Click here to download the lesson plans
Click here for a free condensed excerpt
Click here for a free multimedia case study
August 5, AEJMC Pre-Conference Workshop
Saving Community Journalism:
What Professors Need to Know About the Business of Local News in the Digital Age
Without profitable business models for legacy newspapers as well as digital start-ups, large swaths of the country could become “news deserts,” bereft of the sort of local journalism that has nurtured our democracy for two centuries. Saving community journalism requires equipping journalism graduates with the tools they need to succeed. All too often, an understanding of the business side of journalism is lacking from journalism education. Students need to understand financial models for news organizations and where the pressure points are, especially for local news organizations.
At an AEJMC pre-conference workshop titled “Saving Community Journalism: What Professors Need to Know About the Business of Local News in the Digital Age,” my colleague JoAnn Sciarrino and I will share what we have learned about how to incorporate business learning into our undergraduate and graduate curriculum. The workshop will address these four questions:
- How is the news industry changing and what is the key to a sustainable business model? How can students use business statements to understand a news organization?
- What are some simple research tools students can use to help news organizations get reliable real-time information so they can make better decisions?
- How can case studies be used to engage journalism students in solving business problems?
- How can you evaluate the potential profitability of a new product or idea?
We hope you can join us at the workshop to learn how to update journalism education to include business fundamentals. You can register for the workshop by clicking here. For a schedule of the workshop, click here.
How do you use the book, Saving Community Journalism, in the classroom? What materials on this site can be incorporated into your lesson plans? What other online resources are available, such as case studies and book excerpts? How are other professors using this material?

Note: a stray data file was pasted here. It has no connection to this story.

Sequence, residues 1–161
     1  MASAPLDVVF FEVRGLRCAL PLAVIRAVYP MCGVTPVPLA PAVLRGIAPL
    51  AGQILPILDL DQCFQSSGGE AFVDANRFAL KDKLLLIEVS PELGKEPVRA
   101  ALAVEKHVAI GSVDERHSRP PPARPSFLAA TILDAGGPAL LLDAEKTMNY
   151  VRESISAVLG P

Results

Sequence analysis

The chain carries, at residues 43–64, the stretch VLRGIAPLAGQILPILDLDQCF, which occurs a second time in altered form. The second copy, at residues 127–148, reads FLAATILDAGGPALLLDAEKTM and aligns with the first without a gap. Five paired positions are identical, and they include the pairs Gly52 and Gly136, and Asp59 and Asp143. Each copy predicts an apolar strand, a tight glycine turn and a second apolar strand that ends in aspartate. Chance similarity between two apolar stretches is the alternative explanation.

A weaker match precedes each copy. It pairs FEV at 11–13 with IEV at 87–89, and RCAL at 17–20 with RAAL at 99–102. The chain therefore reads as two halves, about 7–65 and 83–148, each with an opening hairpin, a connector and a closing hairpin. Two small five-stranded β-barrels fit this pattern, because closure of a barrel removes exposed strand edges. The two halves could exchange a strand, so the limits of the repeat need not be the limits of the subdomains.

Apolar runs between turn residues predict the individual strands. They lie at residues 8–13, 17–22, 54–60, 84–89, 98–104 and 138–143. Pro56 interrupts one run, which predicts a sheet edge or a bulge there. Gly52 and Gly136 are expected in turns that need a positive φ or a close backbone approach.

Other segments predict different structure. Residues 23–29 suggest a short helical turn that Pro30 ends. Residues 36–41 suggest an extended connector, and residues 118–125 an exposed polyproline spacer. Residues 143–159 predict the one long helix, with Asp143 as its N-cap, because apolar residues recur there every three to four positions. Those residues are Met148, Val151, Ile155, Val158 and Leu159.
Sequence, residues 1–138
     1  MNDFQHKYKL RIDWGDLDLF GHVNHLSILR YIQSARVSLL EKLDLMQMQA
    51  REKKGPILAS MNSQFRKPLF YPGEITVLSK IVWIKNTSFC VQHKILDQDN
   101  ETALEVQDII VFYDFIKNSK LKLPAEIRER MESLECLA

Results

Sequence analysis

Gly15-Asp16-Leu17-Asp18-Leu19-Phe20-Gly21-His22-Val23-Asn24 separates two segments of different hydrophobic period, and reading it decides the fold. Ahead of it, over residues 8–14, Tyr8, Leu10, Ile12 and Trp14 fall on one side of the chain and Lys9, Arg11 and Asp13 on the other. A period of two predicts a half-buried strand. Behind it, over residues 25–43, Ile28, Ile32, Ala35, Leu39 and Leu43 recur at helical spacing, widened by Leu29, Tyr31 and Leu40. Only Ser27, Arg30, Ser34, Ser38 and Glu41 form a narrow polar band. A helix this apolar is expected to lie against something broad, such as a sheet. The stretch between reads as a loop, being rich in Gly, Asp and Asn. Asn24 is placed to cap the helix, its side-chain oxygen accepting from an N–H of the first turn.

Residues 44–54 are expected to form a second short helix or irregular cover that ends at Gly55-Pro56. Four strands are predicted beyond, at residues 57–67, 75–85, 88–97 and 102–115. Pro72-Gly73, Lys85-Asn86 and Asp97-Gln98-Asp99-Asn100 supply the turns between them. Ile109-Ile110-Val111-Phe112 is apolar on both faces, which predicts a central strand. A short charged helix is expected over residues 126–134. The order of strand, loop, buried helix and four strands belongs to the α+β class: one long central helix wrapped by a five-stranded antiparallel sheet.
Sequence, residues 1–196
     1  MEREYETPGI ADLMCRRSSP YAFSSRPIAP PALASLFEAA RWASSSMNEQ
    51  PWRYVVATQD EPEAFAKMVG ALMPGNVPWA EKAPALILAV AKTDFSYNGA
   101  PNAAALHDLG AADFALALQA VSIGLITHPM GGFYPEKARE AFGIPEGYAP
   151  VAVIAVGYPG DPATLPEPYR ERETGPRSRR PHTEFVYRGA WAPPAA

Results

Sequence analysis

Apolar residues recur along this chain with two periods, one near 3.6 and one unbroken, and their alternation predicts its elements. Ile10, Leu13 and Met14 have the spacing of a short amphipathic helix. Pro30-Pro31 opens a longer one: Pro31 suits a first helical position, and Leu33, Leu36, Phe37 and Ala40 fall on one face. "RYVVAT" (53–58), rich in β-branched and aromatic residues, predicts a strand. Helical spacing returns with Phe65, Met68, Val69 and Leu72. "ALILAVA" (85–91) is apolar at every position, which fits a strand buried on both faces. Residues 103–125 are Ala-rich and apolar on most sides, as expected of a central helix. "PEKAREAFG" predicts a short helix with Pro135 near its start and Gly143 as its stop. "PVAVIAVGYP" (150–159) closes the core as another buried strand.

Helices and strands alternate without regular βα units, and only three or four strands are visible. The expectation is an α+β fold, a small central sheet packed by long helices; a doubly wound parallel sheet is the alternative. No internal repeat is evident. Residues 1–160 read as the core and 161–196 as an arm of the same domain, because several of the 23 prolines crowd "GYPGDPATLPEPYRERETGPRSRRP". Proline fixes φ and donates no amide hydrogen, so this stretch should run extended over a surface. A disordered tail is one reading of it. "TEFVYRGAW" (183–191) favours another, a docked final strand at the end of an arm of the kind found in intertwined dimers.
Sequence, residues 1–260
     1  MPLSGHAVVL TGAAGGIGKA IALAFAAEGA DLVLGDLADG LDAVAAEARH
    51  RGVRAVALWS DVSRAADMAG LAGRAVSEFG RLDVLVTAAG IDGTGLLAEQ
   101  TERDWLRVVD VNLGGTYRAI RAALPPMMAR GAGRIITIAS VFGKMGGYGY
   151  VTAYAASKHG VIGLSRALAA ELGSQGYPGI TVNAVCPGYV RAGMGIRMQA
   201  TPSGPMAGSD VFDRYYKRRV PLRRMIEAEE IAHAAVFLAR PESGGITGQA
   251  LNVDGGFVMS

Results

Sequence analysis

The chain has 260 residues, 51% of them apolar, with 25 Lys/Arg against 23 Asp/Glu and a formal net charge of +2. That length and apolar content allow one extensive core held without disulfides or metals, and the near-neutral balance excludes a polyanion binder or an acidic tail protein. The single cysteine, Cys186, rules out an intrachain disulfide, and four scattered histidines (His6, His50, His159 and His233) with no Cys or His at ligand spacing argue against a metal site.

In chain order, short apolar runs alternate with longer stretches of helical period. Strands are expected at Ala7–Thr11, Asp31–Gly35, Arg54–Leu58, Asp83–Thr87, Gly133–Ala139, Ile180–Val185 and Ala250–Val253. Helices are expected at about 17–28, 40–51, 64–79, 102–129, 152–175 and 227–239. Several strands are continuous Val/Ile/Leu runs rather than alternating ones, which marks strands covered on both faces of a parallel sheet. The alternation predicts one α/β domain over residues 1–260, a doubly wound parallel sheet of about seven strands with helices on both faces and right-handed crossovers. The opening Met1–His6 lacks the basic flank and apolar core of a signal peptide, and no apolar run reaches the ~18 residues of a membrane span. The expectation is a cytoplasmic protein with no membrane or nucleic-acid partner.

Just For Educators is designed specifically with journalism instructors in mind. All or select chapters in the book and the material on this site can be used to enrich instruction in these classes:
- Introductory news reporting
- Community journalism
- Media strategy and business of news
- Entrepreneurial journalism
- Foundations of journalism
- Management and leadership of news operations
- Innovation and digital start-ups
Here’s what’s available to access and download from this site:
Multimedia case study with teaching note and epilogue, focusing on the Pulitzer Prize-winning Whiteville News Reporter, as it attempts to transition from a print-only world to a digital business model. “Chasing the Community Newspaper Rainbow: the Whiteville News Reporter and the Digital Age” builds on and updates the smaller case studies on the newspaper that are embedded in Chapters Four through Seven. Professors can access the free case and teaching note by clicking here.
Condensed excerpt of Chapter 3, How Newspapers Must Change, which summarizes the three-pronged strategy recommended in the book. It can be used as a student reading assignment or as background information to inform classroom instruction and discussion. This is available on the American Journalism Review site by clicking here.
Other Resources: This includes a slide presentation shared by University of Kentucky professor Al Cross, demonstrating how he incorporated the material in Chapters One, Two and Six into an online community journalism class discussion. (Click here.) In addition, instructors can access the syllabus and lesson plans of University of North Carolina professors who are teaching innovation, media economics and digital strategies.
Student Insights into the Saving Community Journalism project: This includes a selection of quotes from students explaining what they learned about leadership from working side-by-side with editors and publishers of community newspapers as they developed and implemented digital strategies. It also includes a recent syllabus for the class, “Leadership in a Time of Change.”